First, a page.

In Shonda Rhimes’ book Year of Yes, she compares writing for television to “laying down more track for an oncoming train.”
“You keep writing, you keep laying track down, no matter what, because the train of production is coming toward you.” ~ Shonda Rhimes
That’s what blogging is like. You can’t just stop — your readers expect you to keep churning out helpful posts.
In Shonda’s case, her crew begins preparing a new episode every eight days. It takes eight days to find locations, build sets, design costumes, plan shots, and then, after that, eight days to film a new episode. And her job is to “damn well provide them with” a new script. Grey’s Anatomy has been on the air for 13 seasons. Laying down more track.
As bloggers, our job is to “damn well provide” our readers with another blog post. A brief break is fine, but you must keep going, or the train will fall off the tracks. Whether you keep going or not is the difference between putting off writing and putting away writing.
Putting off writing
When you don’t make writing a daily habit, it becomes less of a priority.
It’s like signing up for a gym membership — you go faithfully for a few days and eat only healthy food. But then, after a stressful day at work, you’re not in the mood to cook a healthy meal, so you order a pizza. That mouthwatering meal tasted better than ever before, and before you know it, your diet and exercise take a back seat, and you’re back to your old habits.
“You fail only if you stop writing.” ~ Ray Bradbury
Neglecting your writing is the same. You can commit yourself to it, but when you put it off, you make up excuses and begin doing other things. Days or weeks or months go by and and you haven’t written a dang thing. That results in a bunch of unfinished blog posts, missed blog post deadlines, inactive social media accounts, and a lost desire to catch up.
You’d have to recommit yourself all over again, which takes way more brain power than if you had kept up with it all along. And that’s plain exhausting. (Remember how painfully sore you are the day after you’ve gone back to the gym after a six month hiatus?)
Putting away writing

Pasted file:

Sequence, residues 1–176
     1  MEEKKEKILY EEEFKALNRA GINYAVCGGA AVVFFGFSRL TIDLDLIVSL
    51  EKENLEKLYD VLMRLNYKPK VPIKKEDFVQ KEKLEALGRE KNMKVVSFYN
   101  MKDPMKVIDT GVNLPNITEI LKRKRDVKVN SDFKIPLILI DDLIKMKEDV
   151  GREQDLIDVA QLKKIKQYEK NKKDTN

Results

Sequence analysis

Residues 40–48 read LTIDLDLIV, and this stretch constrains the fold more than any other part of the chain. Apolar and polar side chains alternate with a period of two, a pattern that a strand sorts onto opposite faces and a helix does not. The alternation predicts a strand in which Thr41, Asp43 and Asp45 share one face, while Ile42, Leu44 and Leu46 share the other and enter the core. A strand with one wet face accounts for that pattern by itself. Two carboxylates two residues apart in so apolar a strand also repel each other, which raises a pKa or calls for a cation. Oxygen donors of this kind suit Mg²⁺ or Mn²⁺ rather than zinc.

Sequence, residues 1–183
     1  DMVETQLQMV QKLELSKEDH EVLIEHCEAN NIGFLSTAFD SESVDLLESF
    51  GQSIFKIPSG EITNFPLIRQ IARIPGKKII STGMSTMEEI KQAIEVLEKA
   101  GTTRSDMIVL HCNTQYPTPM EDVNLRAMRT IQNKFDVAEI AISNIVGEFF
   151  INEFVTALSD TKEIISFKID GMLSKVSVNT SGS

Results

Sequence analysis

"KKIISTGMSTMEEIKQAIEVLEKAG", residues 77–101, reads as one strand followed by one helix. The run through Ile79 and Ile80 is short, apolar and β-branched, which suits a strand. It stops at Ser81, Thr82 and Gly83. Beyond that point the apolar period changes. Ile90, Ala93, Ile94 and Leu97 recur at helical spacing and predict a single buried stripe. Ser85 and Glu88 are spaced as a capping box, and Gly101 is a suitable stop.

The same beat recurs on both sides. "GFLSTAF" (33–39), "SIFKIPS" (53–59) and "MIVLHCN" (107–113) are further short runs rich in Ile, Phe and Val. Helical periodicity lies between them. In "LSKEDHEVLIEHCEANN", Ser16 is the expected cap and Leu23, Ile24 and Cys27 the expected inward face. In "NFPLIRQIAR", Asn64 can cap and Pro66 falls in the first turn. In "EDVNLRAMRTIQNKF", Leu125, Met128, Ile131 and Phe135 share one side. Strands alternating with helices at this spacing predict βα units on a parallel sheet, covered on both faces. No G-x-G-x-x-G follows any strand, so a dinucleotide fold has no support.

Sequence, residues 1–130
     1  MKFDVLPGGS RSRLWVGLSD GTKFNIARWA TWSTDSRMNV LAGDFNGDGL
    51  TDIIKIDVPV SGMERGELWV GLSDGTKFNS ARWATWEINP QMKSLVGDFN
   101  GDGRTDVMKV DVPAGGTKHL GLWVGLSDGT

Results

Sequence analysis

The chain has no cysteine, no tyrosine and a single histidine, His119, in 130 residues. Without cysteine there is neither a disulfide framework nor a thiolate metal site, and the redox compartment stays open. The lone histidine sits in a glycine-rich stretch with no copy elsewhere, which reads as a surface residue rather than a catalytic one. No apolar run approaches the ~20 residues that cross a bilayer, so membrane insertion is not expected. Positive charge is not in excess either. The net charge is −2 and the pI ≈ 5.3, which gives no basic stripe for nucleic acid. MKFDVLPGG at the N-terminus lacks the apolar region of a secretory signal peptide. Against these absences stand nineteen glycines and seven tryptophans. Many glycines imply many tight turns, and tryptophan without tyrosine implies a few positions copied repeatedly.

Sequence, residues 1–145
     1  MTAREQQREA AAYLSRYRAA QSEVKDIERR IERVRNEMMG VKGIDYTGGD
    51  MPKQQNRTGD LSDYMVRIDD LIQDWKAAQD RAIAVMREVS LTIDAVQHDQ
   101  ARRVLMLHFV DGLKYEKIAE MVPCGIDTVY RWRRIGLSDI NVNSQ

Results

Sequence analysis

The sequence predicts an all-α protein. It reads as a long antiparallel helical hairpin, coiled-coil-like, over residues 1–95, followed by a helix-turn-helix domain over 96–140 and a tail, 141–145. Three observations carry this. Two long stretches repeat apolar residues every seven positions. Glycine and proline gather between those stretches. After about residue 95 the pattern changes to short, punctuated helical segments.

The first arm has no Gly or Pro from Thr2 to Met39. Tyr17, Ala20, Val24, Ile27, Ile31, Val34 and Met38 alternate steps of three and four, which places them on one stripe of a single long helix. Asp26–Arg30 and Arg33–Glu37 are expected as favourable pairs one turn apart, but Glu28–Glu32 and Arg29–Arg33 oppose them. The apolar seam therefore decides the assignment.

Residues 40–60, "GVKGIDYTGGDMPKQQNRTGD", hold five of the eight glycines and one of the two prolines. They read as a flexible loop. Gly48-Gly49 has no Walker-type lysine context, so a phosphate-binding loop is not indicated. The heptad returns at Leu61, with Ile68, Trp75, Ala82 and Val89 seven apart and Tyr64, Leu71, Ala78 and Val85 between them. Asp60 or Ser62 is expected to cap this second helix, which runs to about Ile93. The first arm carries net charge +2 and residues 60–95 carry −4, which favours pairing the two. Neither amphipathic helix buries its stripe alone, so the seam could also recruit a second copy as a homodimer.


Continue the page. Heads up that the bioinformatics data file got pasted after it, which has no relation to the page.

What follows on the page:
As writers, our brains aren’t fountains endlessly flowing with ideas. At some point, your battery of inspiration will become low, so you need a recharge by taking a short break. At times like this, put your writing away and look at it a few hours later or the next morning with fresh eyes.
Recharge by reading books and blogs or by doing something to take your mind off of it for a while — exercise, meet up with friends, take a shower, work on your yard, play with your kids. Then, continue writing until you’re finished.
“Read, read, read. Read everything — trash, classics, good and bad, and see how they do it….Read! You’ll absorb it. Then write.” ~ William Faulkner
It’s equivalent to exercising and eating healthy consistently. You’ve developed muscle tone, your body fat percentage has dropped, and you’re proud of your results.
So, which will it be?
Are you going to put off writing or put away writing? It’s based on your work ethic and resilience to come back to it or not.
“The longer you wait to do something you should do now, the greater the odds are you will never do it.” ~ John C. Maxwell
If you’re feeling stuck, uninspired, burned out, or like you’re forcing your words out, stop and take a break, and do something else for a while. Is there another blog post you can start working on? Another unfinished blog post you can continue drafting? Let these other activities rekindle your inspiration to move onward to the blog post finish line.
But when you do take a break, make sure it’s only temporary — like a few hours or a day or two. Take multiple breaks if you need to, but set a deadline to come back and finish it. You’ll feel much better about yourself if you do.